A woman claiming to be the sister of an artist who changed the face of modern film says she fears he may be dead after it was revealed his historic home had become a ‘Marie Celeste’ mansion.
It has been abandoned for almost a decade.
Martine Barnard-Delaroche saw an internet video showing the interior of her brother’s ancient Grade 11 listed home. She says she was devastated to see his belongings, including art works and his vast library of books, rotting away.
And she was ‘heart-broken’ when she spotted treasured family heirlooms overturned and her brothers out-of-date passport on a kitchen table.
Martine said: “I couldn’t believe it at first, but I realised that if he had left everything, even his passport, then he had to have left in a hurry.
“We haven’t spoken for many years but now I fear something awful has happened to him.”
Martine’s brother, Roger Barnard, born in 1951, became one of the prime movers of the burgeoning mid-70s video explosion, rubbing shoulders with the likes of controversial film-maker Roger Corman and video guru David Hall.
And in 1976 he helped found the influential London Video Arts organisation.
Roger, the son of a Battle of Britain survivor, Martine says, and was brought up on the idyllic Sussex coast minutes from the sea.
Things seemed to bode well for him and after university he was exhibiting his work at the Tate, Air Gallery and in Glasgow and other major cities.
But Martine, a translator who lives in Tyneside, claims: “Roger had been involved with one of his tutors whom he eventually married.
“It was the marriage from hell and after having a child together she had an affair with her accountant and dumped Roger, He never saw his daughter again.
“I don’t think he ever recovered and he changed. He started to concentrate on painting, which he was not known for, instead of video.”
But life seemed to improve for the wayward artist when he met and fell in love with Heather Mawhinney, who taught French.
And after Heather apparently got a teaching job in Manchester they bought the crumbling Hough Hall next to an old Victorian school in the historic but increasingly badly neglected suburb of Moston.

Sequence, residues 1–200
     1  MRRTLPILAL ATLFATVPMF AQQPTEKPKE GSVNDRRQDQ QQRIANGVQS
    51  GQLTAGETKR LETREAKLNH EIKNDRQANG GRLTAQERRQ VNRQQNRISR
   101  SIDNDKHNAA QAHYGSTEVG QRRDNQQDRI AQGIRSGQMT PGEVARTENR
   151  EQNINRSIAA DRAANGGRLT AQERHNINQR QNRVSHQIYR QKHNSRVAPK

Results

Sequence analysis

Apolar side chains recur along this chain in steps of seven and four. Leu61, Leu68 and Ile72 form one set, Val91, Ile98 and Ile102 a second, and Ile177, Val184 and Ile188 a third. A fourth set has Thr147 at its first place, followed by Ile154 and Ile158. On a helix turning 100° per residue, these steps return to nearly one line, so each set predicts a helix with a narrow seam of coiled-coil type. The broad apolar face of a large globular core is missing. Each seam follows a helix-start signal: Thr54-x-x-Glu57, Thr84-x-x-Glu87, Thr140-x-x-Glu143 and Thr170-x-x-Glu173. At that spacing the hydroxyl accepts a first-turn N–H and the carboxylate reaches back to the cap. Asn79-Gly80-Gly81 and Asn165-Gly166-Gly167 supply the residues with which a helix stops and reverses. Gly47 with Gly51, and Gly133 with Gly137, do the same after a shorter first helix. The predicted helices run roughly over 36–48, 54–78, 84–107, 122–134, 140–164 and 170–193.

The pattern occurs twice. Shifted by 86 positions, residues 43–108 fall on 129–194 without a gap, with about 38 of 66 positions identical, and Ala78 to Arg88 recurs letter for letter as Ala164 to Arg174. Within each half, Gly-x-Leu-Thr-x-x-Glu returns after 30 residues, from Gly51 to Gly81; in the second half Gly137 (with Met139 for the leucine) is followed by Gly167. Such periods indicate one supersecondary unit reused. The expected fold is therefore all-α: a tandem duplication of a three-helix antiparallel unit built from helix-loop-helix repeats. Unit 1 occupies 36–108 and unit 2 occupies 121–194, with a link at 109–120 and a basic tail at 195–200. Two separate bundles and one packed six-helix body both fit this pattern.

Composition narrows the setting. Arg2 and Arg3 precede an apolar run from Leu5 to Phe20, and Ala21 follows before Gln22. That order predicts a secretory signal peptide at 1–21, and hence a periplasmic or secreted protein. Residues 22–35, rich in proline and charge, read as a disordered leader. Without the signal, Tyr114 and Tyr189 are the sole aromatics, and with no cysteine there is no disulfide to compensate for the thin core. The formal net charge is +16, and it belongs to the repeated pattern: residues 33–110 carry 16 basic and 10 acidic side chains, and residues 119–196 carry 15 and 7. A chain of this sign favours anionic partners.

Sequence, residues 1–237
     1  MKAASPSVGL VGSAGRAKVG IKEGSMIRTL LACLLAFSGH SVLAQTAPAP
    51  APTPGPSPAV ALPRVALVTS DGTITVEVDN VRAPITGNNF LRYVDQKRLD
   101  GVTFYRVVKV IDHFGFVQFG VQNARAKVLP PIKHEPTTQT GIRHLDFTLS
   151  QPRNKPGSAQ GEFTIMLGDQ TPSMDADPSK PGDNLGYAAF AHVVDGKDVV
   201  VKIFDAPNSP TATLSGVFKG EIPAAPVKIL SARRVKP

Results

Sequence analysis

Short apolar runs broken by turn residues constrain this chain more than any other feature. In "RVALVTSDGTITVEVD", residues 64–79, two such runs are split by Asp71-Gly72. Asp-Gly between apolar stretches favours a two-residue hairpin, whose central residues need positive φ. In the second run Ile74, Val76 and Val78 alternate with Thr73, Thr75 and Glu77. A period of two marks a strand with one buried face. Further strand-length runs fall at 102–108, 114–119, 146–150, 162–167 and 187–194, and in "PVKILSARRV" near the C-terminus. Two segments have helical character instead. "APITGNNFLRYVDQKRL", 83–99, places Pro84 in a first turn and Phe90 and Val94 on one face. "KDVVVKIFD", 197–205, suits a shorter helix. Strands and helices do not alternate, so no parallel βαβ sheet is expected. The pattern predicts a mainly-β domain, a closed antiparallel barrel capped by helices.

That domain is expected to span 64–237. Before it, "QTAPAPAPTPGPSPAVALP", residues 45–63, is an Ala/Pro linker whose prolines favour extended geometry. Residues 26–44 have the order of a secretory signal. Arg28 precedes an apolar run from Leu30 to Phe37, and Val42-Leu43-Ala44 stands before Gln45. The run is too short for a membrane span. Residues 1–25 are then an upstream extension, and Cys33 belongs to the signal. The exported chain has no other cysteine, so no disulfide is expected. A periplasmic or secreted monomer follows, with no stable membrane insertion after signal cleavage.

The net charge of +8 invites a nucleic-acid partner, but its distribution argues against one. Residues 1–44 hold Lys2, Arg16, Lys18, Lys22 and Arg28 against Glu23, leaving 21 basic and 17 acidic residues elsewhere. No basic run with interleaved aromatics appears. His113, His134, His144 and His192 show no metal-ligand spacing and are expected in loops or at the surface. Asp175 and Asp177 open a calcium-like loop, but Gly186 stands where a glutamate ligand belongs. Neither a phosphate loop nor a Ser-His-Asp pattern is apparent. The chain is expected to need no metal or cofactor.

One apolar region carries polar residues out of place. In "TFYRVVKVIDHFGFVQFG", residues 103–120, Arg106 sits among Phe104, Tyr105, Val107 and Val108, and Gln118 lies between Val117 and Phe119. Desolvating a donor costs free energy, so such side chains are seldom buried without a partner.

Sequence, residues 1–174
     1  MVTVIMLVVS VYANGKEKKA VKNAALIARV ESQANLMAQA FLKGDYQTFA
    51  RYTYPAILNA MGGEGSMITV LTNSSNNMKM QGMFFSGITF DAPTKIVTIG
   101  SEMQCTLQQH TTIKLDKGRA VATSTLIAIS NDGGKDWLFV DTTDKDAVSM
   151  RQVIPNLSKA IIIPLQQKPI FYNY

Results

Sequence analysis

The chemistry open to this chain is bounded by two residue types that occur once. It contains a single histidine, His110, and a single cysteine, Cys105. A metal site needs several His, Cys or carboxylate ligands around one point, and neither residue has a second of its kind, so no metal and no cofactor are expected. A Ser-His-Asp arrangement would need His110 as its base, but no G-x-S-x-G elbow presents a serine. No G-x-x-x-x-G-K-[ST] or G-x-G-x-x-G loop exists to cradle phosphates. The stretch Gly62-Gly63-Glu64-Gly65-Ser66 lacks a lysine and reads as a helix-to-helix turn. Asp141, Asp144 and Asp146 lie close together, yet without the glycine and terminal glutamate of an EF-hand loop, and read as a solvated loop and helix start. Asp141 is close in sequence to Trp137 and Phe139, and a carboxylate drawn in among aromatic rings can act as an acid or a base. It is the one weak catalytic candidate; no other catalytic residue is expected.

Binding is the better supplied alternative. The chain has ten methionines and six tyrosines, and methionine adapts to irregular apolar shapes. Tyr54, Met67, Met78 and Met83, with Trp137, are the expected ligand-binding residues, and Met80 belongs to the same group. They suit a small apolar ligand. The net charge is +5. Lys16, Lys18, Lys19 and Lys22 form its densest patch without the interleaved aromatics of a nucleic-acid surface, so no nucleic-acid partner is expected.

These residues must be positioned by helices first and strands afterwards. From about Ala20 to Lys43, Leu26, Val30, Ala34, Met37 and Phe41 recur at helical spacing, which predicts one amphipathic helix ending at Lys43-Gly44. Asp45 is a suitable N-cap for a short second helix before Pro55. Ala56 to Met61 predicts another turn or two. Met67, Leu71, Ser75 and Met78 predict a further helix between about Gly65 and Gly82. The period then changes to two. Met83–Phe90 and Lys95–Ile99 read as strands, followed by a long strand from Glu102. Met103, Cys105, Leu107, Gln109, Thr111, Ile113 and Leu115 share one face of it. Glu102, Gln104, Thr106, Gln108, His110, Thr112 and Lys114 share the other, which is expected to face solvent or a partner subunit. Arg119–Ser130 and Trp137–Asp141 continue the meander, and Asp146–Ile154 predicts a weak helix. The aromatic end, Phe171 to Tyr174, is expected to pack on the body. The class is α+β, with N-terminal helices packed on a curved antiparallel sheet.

The early 17 century hall is listed because of its wood wall panels, its gables and its wattle and daub construction.
The couple had grand plans for it, immersing themselves in the local community and holding open days AT their ancient home.
Heather was a member of the Friends of Boggart Hole Clough, a sprawling park ten minutes walk from the farmhouse in Hough Hall Road, next to a local school.
A report in the Manchester Evening News in 2005 said; “Hough Hall in Moston opened its doors to the public on Saturday, welcoming visitors of all ages to see inside its Tudor interior and grounds for themselves.”
Roger said at the time: “We had lots of lovely comments in the visitors’ book afterwards with one person describing it as a ‘perfect autumn evening’ and another wrote ‘so enjoyable we had to come back’.”
Then something happened. Roger and Heather to all intents and purposes vanished and the hall was abandoned. Later it went up for sale for £200,000 but there appear to have been no takers.
The only real clue is that a few years ago, according to Martine, Roger wrote to a family member saying simply “Heather has demised”.
Martine said: “I am trying to make sense of what an earth is going on. If Roger and Heather sold this hall, surely someone saw them move out? I’m at a loss.”
The house is still filled with clothes, family photographs and paintings. All that appears to have been emptied are filing cabinets.
Movingly, on an old and stained kitchen table there is a poster bearing Roger’s name. The legend appears to say ‘Roger Barnard four different faces and the Box’.
Martine said: “Box was an artistic installation that travelled to major art galleries many years ago throughout the UK when Roger was still into video – I ran some of his exhibitions at the time.
“I’m completely alarmed – is he dead? – did he commit suicide? Has he gone to join Heather? Is he ill? Or does he just not want to be found? I don’t understand why he would abandon all his belongings like that.
“I’ve made several attempts to find him. One of our cousins had exchanged Christmas cards with him for many years but the last card she received just had postcode, no address. She also had a phone number and I’ve tried calling it. But it just rings and no one picks up.”
For years now people have been demanding something should be done to rescue the hall.
It has been a doctors surgery, a lipstick factory, and a sanitary-ware storehouse.
But its long and chequered history seems damned to vanish in the mists of time even though locals have said they would work on repairing historic wreck for free.
When contacted by the consumerwatchfoundation.com, Manchester city council and Historic England – the organisation which is tasked with curate England’s historic buildings – were sympathetic to the calls from locals but said nothing can be done until Roger is found.